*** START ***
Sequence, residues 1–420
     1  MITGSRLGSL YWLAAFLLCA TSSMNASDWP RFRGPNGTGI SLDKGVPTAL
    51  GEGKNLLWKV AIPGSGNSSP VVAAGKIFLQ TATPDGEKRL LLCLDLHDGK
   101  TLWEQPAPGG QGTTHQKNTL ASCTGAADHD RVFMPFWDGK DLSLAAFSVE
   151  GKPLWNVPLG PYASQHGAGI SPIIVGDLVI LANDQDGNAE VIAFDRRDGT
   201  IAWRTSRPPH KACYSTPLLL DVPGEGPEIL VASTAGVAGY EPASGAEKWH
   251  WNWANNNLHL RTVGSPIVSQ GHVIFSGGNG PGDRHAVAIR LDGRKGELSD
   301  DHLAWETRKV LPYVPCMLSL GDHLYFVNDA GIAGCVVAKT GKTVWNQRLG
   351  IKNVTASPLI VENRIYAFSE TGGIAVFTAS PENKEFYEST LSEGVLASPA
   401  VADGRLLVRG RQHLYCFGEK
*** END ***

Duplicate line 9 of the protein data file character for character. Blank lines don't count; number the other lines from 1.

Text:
   351  IKNVTASPLI VENRIYAFSE TGGIAVFTAS PENKEFYEST LSEGVLASPA